A randomized controlled trial of a diagnostic algorithm for symptoms of uncomplicated cystitis at an out-of-hours service.

Bollestad M, Grude N, Lindbaek M - Scand J Prim Health Care (2015)

Trial flow chart: RCT of diagnostic algorithm for uncomplicated cystitis at an Out-of-hours service in Oslo, Norway.
© Copyright Policy - open-access
Related In: Results  -  Collection

License
Show All Figures
getmorefigures.php?uid=PMC4834504&req=5

Figure 2: Trial flow chart: RCT of diagnostic algorithm for uncomplicated cystitis at an Out-of-hours service in Oslo, Norway.
Mentions: Included patients were randomized into two groups. The registering nurse completed the randomization process by drawing a number 1 or 2 from an envelope. The envelopes were generated by the study coordinator with an equal amount of numbers. We did not use block randomization. This may have contributed to the higher number of patients in one group; 242 patients were given diagnostic algorithm-based care versus 191 patients who were seen by a doctor (Figure 2).

Bottom Line: No significant differences were found between the groups in the basic patient demographics, severity of symptoms, or percentage of urine samples with single culture growth.A median of three days until symptomatic resolution was found in both groups.This simplification of treatment strategy can lead to a more rational use of consultation time and a stricter adherence to National Antibiotic Guidelines for a common disorder.

View Article: PubMed Central - PubMed

Affiliation: Out-of-hours Service , Oslo Municipality Norway , Norway.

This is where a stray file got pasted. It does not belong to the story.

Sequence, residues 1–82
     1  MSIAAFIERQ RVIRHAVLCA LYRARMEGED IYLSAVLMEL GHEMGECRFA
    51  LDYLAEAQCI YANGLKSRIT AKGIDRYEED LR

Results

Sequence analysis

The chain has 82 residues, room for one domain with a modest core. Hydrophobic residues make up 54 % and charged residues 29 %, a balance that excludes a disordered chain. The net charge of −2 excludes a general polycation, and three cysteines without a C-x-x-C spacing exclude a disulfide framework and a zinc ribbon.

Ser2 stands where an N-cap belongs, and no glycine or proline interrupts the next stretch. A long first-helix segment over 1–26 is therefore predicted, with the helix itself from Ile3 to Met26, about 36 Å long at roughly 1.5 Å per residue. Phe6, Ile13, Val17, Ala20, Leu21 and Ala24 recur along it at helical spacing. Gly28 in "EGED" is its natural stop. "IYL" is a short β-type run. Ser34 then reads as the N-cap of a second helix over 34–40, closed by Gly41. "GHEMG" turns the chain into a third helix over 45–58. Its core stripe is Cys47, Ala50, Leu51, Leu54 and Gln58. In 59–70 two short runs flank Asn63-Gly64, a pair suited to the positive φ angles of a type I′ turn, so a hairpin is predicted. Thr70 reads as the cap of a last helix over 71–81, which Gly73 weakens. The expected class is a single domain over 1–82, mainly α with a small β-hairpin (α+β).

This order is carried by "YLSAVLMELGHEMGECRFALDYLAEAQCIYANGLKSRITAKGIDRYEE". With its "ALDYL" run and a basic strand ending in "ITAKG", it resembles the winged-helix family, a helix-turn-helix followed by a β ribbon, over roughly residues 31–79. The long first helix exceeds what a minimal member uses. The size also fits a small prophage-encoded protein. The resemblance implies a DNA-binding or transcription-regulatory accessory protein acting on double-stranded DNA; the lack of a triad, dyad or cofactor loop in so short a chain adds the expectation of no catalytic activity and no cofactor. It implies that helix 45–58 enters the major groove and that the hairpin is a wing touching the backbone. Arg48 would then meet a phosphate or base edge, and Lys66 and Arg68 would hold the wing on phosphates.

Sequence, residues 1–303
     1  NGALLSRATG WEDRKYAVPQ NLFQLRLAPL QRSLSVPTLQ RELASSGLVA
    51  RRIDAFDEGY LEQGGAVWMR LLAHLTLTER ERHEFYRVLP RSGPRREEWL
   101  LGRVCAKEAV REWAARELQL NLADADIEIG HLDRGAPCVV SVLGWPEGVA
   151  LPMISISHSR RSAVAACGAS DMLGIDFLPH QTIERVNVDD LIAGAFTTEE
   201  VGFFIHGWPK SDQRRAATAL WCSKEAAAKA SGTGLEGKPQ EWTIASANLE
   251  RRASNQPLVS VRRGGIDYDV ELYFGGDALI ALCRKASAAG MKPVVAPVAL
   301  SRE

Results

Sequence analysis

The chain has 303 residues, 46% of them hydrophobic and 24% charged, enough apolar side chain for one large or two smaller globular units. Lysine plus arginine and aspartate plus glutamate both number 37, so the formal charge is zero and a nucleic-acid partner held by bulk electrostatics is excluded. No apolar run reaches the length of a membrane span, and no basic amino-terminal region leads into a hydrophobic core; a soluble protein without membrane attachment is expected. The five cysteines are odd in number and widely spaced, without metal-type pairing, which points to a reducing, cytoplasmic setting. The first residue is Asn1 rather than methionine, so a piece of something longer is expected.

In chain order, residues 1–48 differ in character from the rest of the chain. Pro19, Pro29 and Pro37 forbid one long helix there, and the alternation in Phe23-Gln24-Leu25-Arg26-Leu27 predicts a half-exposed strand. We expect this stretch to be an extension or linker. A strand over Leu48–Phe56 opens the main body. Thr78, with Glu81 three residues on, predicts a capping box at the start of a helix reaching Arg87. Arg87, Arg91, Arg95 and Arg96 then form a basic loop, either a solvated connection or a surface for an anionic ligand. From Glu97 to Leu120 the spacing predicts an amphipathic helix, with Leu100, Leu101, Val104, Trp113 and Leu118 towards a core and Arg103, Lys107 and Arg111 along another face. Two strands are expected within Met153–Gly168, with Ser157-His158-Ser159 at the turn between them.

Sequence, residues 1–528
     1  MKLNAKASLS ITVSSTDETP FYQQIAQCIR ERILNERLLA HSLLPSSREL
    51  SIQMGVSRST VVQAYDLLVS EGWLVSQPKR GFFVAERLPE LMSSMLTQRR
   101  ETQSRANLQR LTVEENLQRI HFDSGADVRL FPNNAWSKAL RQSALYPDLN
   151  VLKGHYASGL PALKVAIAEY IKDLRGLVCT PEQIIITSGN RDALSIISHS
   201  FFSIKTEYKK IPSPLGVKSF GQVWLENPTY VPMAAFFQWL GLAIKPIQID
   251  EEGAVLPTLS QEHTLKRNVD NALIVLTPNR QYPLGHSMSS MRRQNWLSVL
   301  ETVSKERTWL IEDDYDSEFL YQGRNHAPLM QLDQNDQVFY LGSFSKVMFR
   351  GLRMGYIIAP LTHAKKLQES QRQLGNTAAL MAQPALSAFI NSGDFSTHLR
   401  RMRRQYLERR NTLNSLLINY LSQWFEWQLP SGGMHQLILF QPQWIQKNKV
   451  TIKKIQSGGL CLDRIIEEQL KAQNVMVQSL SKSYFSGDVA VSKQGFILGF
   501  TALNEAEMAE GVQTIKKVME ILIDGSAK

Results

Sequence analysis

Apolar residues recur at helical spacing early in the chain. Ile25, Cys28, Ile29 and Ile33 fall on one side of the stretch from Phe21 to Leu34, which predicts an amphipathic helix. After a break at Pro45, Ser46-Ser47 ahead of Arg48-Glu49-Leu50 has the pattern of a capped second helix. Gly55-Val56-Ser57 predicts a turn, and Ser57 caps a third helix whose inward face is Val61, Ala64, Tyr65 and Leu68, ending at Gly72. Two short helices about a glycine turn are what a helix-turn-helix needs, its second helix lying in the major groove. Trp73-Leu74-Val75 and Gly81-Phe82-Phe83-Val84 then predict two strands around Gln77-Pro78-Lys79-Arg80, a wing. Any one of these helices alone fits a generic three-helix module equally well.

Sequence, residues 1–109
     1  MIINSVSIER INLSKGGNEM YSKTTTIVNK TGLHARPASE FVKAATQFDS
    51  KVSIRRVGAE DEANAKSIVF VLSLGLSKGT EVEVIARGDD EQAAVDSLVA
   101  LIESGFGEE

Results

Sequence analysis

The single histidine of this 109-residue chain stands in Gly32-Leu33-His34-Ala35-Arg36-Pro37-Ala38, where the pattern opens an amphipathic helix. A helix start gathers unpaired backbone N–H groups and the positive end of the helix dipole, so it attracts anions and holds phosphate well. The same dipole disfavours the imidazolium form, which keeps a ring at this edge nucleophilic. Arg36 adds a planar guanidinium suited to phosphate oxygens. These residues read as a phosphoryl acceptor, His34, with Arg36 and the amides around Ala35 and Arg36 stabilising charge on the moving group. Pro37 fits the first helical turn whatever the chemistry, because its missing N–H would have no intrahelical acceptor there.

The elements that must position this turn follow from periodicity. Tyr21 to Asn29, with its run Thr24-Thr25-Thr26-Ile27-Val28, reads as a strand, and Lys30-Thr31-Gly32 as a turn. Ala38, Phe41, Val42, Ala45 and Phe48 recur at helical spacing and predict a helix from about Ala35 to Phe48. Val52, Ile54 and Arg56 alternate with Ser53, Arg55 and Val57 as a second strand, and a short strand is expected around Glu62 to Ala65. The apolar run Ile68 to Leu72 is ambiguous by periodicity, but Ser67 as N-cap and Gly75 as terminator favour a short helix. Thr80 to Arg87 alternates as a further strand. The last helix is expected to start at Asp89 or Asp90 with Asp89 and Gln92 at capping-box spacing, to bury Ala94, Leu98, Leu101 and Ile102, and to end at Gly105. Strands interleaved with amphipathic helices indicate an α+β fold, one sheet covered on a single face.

ABSTRACT

Objective: To compare the clinical outcome of patients presenting with symptoms of uncomplicated cystitis who were seen by a doctor, with patients who were given treatment following a diagnostic algorithm.

Design: Randomized controlled trial.

Setting: Out-of-hours service, Oslo, Norway.

Intervention: Women with typical symptoms of uncomplicated cystitis were included in the trial in the time period September 2010-November 2011. They were randomized into two groups. One group received standard treatment according to the diagnostic algorithm, the other group received treatment after a regular consultation by a doctor.

Subjects: Women (n = 441) aged 16-55 years. Mean age in both groups 27 years.

Main outcome measures: Number of days until symptomatic resolution.

Results: No significant differences were found between the groups in the basic patient demographics, severity of symptoms, or percentage of urine samples with single culture growth. A median of three days until symptomatic resolution was found in both groups. By day four 79% in the algorithm group and 72% in the regular consultation group were free of symptoms (p = 0.09). The number of patients who contacted a doctor again in the follow-up period and received alternative antibiotic treatment was insignificantly higher (p = 0.08) after regular consultation than after treatment according to the diagnostic algorithm. There were no cases of severe pyelonephritis or hospital admissions during the follow-up period.

Conclusion: Using a diagnostic algorithm is a safe and efficient method for treating women with symptoms of uncomplicated cystitis at an out-of-hours service. This simplification of treatment strategy can lead to a more rational use of consultation time and a stricter adherence to National Antibiotic Guidelines for a common disorder.

Show MeSH
Related in: MedlinePlus